In his episcopal character Williams showed the hatred of extremes which marked his politics. In 1627 one of the vicars of Grantham attempting to remove the communion table to the east end of the church, the parishioners appealed to Williams as their bishop. Williams decided that, according to the rule of the injunctions and canons referring to such matters, the table ought to stand at the east end, but should be moved further down when the communion was administered, reminding the young vicar that when he had gained more experience he would ‘find no such ceremony equal to Christian charity.’ If Williams had had his way, one of the chief stumbling-blocks to an understanding between the crown and the puritans would have been averted (see, in addition to the references given in Gardiner's Hist. of England, vii. 16–18, the certificate in State Papers, Dom. cccclxx. 83). In 1633 the question of the position of the communion table came up again. By Williams's advice the chancel of a church in Leicester which had been used as a library was restored to its proper use, and in a letter to the mayor (Williams to the mayor of Leicester, 18 Sept., State Papers, Dom. ccxlvi. 42) the bishop gave his reasons at length for following the precedent he had established at Grantham respecting the position of the communion table. It was, however, Laud and not Williams who had influence with the king, and on 3 Nov. Charles issued his decision in the case of St. Gregory's, that the communion table should be permanently fixed at the east end.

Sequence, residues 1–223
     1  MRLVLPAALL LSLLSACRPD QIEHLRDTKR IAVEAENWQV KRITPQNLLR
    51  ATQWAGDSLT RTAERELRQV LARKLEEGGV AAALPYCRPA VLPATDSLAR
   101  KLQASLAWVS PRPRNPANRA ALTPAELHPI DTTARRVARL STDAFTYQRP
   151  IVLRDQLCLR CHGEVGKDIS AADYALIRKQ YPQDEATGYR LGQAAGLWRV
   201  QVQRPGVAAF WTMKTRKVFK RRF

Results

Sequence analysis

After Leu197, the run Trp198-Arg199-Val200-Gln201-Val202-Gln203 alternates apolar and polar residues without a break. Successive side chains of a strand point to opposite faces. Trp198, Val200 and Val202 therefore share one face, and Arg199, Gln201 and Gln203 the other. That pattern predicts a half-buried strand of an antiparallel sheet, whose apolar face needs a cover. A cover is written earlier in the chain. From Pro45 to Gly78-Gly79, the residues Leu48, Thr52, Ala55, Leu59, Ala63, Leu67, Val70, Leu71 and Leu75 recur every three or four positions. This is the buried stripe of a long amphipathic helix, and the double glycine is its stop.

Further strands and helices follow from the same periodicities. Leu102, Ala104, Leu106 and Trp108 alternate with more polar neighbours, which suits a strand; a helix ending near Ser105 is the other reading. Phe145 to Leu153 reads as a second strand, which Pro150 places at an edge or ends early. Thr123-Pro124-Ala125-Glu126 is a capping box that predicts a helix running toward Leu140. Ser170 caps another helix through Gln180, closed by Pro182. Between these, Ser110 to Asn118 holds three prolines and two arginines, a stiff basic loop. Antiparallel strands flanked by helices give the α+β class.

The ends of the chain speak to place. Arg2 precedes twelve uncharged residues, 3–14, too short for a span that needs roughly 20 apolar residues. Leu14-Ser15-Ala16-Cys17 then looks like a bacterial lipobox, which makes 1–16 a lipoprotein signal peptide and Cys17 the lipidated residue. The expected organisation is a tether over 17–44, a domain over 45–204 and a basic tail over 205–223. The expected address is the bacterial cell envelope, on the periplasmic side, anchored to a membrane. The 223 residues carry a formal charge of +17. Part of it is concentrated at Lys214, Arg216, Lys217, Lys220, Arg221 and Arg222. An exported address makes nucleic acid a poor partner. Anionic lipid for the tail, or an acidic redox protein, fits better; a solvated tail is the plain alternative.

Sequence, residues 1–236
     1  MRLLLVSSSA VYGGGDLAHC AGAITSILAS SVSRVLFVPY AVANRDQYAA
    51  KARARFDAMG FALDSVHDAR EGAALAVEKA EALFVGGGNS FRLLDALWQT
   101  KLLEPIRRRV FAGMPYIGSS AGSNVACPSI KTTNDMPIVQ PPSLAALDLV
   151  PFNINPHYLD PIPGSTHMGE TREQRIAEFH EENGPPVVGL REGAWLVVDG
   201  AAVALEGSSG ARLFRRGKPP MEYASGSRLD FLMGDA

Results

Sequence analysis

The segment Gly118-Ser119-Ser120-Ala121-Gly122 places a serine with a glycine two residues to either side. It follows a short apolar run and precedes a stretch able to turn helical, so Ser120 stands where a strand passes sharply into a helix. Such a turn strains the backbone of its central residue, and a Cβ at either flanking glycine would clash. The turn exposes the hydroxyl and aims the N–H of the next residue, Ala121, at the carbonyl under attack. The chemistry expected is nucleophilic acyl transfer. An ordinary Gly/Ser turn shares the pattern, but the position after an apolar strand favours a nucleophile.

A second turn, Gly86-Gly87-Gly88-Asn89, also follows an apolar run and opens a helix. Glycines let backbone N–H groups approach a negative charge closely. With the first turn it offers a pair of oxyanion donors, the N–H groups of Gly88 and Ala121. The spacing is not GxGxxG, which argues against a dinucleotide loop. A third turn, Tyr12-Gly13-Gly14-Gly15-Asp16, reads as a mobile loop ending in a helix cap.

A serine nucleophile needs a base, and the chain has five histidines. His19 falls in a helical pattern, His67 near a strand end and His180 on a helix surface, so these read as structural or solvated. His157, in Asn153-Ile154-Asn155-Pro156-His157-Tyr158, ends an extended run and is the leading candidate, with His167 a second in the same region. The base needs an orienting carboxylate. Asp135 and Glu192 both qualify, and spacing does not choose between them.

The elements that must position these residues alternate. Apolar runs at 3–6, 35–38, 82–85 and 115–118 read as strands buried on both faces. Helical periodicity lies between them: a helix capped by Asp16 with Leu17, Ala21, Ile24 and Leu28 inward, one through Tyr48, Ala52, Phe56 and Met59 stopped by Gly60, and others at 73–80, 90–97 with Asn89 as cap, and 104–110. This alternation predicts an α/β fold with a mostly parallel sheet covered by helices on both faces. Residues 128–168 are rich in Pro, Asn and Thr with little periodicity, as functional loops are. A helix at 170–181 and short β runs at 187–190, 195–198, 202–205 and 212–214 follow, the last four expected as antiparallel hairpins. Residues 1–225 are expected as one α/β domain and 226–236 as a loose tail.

Williams's chance of rallying the moderate section of Laud's opponents was reduced to nothing by his own fault. Ever since 1628 a Star-chamber prosecution, in which he was charged with betraying secrets as a privy councillor, had been pending against him. In 1633 the morality of one of his witnesses was assailed, and, in his eagerness to defend him, Williams actually stooped to suborn false evidence in favour of a man whose testimony he needed (State Papers, Dom. ccclvii. 104, ccclxi. 99, ccclxii. 34; see Gardiner, Hist. of England, viii. 252, n. 1). In 1635 a fresh prosecution against him was opened in the Star-chamber for subornation of perjury, but Williams had friends at court who had a quarrel with Laud, and in November he had hopes of a pardon on his consenting to surrender the deanery of Westminster and to give 8,000l. Finding Charles irresolute, Williams offered in 1636 to bribe more courtiers, but in the end Charles refused his consent to the abandonment of the prosecution (‘Letters and Papers of Sir J. Monson,’ Lambeth MSS. mxxx. Nos. 47, 48).